Can you really trust energy cost comparison sites?
The new rules set by Ofgem, (the governments energy regulator), came into force in January 2014. They are designed to simplify UK gas and electricity tariffs. This means that each supplier is limited to four “core” tariffs for each fuel, which is gas or electricity. Some exceptions include the white label tariffs, this means that energy can be sold under the name of other organisations such as supermarkets, or a charity, and some short-term offers for collective switching schemes.
Running alongside the limit on the number of tariffs that can be offered, energy companies are no longer able to offer complex tariffs, In particular they cannot sell tariffs where the unit price drops after an initial number of units have been used. Any front loading has to be identified as a daily standing charge.
With the introduction of the new rules can you trust energy cost comparison sites? Ofgem states that its reforms “should give the consumer a simper, clearer and fairer market that will make it easier for you to understand your energy supply and to choose the best deal”
Millions of us flock to comparison websites to find the best financial products, such as energy tariffs, loans, credit cards etcetera. Several months ago the Financial Services Authority, the UK regulator, published a report on sites that compare insurance. This followed a complaint by the British Insurance Brokers Association, this is a trade body with a vested interest in protecting traditional High Street Brokers. The report by the financial services authority was said to set out some vague guidelines telling websites they need to provide consumers with “clear and fair” information. Brand prominence has been gained by websites such as Uswitch, Money supermarket, Confused. Com, Beathatquote, Go Compare and Money Expert, they use, radio, TV and newspaper advertising campaigns. These sites enable users to compare the price of hundreds of tariffs or quotas in seconds, a job that would usually take several hours. Product providers pay to be included, and there are suggestions that deals that are lucrative for the aggregators are sometimes pushed ahead of “best buy” tables.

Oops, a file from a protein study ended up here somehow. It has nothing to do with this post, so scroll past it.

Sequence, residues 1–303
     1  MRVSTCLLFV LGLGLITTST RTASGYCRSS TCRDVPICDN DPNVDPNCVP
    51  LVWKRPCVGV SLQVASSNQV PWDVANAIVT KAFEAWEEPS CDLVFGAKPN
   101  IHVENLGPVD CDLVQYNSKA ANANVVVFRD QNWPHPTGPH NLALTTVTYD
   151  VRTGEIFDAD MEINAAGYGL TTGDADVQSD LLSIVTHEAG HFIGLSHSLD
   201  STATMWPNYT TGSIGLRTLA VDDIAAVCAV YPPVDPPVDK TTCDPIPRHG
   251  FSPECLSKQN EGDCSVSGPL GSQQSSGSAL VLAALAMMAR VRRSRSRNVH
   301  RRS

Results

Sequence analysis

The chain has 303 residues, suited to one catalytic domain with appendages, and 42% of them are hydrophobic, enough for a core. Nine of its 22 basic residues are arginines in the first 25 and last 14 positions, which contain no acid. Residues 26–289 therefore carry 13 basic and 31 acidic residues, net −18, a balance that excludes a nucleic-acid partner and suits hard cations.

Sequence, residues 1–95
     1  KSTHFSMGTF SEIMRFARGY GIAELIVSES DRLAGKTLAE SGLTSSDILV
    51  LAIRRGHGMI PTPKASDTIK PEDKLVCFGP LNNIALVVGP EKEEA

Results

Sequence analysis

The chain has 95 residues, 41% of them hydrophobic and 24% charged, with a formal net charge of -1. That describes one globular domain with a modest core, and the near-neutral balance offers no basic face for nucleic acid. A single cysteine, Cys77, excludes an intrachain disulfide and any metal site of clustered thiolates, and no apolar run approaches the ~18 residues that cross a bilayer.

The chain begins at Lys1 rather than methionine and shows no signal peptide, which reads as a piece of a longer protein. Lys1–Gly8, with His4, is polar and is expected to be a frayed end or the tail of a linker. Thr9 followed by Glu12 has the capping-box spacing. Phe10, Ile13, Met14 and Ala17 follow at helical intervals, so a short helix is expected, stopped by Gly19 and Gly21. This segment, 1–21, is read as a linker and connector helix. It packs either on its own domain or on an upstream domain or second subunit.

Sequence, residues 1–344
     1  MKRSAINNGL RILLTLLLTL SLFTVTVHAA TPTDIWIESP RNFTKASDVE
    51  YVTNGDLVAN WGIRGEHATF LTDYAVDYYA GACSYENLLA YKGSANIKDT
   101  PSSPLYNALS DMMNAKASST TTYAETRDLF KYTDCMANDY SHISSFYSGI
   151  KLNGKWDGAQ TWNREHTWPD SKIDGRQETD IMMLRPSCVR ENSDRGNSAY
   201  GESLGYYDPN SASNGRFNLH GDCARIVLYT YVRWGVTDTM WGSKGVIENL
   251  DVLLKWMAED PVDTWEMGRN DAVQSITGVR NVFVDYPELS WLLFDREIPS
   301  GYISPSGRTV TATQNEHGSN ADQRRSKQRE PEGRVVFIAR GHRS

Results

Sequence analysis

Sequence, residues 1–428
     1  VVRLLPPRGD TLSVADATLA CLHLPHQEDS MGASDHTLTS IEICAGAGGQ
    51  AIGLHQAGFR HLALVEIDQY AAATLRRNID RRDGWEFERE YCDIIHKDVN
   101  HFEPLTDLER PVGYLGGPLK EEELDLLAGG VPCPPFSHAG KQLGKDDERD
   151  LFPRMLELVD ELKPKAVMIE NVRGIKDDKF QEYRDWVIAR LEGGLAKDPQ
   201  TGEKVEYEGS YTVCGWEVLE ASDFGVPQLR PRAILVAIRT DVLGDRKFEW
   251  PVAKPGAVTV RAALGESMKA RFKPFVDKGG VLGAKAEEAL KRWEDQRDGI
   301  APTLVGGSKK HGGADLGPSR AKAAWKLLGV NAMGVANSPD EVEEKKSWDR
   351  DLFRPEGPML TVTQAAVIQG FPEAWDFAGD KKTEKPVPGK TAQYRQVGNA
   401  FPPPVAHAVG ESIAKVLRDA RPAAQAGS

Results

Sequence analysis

British Gas and BT have complained of being unfairly represented on best buy tables because they did not have a commercial agreement with the website. British Gas has allegedly a long running dispute with uSwitch.
In the light of the above information, can you trust energy cost comparison sites? Moneywise state that: “around ten million people use price comparison websites each year in the UK. But not many of us realise that we’re paying around six hundred and fifty million a year in commission for the privilege”. A recent YouGov survey found that consumers thought they paid between 5% and 10% in commission when they bought something through a comparison website-in reality, the average commission is twenty four percent.
Ofgem reports that are plans to change its code, (Ofgem’s Consumer Customer Code), so that customers are able to view all the tariffs, regardless of the commission the website will earn.